Zelenskyy Confident Of Continuation Of Promised US Support


(RFE/RL) — Ukrainian President Volodymyr Zelenskiy said he believes additional military aid from the United States to fend off Russia’s full-scale invasion will arrive soon despite indications that a massive spending bill for Ukraine won’t pass the U.S. Congress by the end of the year.

Zelenskiy announced on December 19 at a year-end news conference in Kyiv that an unspecified number of U.S.-provided air defense systems are on the way and said European allies also continue to provide help, but he stressed that Ukraine needs immediate assistance to continue the fight.

“We need help from the United States right now. We need assistance from the European Union,” Zelenskiy said. “I am happy that our partners listened to us and heard us. I think the assistance will come to Ukraine very soon.”

Citing the expected delivery of national advanced antiaircraft missile systems (NASAMS), Zelenskiy said he is sure that the United States will provide everything promised because Washington understands that all its financial support goes toward Ukraine’s need to stand against the invasion.

“I am sure that the United States will not betray us and we will get everything that was promised,” he said, adding that Ukraine has established “special ties” with its partners in Europe — both in the EU and other European nations — and they “continue to support us” with funding and military aid.

The news conference came as the White House said it planned more military aid this month, while the European Bank for Reconstruction and Development (EBRD) approved a $4.3 billion capital increase to boost funding for Ukraine.

Zelenskiy can count on at least one additional package of U.S. military aid for Ukraine before the end of the year, but the larger package of $100 billion for Ukraine, Israel, and border security has stalled in Congress as President Joe Biden tries to persuade lawmakers — mainly Republicans — to overcome reluctance to authorize further aid in the form of an emergency funding request.

Zelenskiy’s news conference came after Russian President Vladimir Putin declared at a meeting with top military leaders that Moscow’s troops were “holding the initiative” in Ukraine.

“We are effectively doing what we think is needed, doing what we want,” Putin said. “Where our commanders consider it necessary to stick to active defenses they are doing so, and we are improving our positions where it’s needed.”

The Russian leader praised Russia’s troops for beating back Ukrainian attacks during a counteroffensive launched in June, saying Kyiv had “wasted its reserves while trying to show at least some results of its so-called counteroffensive to its masters.”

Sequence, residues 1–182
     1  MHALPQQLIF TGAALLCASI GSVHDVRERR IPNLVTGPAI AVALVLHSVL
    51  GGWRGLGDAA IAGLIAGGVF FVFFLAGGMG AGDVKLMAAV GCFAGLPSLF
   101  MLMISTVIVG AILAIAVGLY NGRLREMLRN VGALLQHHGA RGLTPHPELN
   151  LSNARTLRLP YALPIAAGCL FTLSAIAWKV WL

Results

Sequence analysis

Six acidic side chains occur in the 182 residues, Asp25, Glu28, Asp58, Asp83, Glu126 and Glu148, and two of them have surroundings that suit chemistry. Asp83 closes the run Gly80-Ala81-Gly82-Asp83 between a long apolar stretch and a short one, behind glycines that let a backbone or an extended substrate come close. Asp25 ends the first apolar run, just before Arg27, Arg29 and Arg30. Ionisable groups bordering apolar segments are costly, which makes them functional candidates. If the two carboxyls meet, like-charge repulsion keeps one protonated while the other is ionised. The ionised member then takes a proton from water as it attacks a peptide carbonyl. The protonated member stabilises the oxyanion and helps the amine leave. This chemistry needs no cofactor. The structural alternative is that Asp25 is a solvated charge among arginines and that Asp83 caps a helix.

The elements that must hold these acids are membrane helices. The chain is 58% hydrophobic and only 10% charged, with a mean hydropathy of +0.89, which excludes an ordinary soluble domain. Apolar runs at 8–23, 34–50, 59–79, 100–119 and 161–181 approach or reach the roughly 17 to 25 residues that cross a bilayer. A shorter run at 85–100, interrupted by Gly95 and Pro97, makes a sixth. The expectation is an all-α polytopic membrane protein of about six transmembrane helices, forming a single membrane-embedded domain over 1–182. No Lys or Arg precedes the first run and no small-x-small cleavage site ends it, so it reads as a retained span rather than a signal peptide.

Zelenskiy used the news conference to thank the Ukrainian armed forces and the country’s partners and supporters for their contributions but said nobody knows when the war will end.

He said the topic of mobilization was “very sensitive,” adding that he asked for more information after the military wanted 450,000 to 500,000 people to be mobilized.

He has not yet seen any information about demobilization, he said, saying the focus should be on giving troops who have been fighting a break.

Zelenskiy’s news conference came as his once sky-high approval rating among Ukrainians dropped significantly amid reports of differences with the Ukrainian military’s commander in chief, General Valeriy Zaluzhniy, and a perceived lack of progress on the battlefield.

He praised the Ukrainian military’s efforts, saying it scored “a big victory” on the Black Sea with successful strikes on Russian warships and the securing of maritime trading routes.

“Everyone can appreciate that the Russian fleet was deprived of their almost total dominance in the Ukrainian Black Sea,” Zelenskiy said, adding that Moscow had tried to impose controls on Ukraine’s exports.

On the question of possible changes in the government, Zelenskiy said he would be “unable to work” if he got rid of the team of six or seven people around him. He acknowledged that there are some lawmakers who “do not focus on society’s interests” but said the majority of them “work professionally.”

Speaking specifically about Zaluzhniy, he said he has his own duties as commander in chief and he plans to work with him but said he expects concrete results on the battlefield.

He declined to further discuss the relationship, saying, “Why should we help enemies by talking about it?”

Zelenskiy, however, was willing to speak about proposals to increase Ukraine’s own arms production, saying the country will produce 1 million drones next year.

Since the start of the war, drone production in Ukraine has shot up as their role on the battlefield increases for both sides.


RFE/RL journalists report the news in 21 countries where a free press is banned by the government or not fully established.

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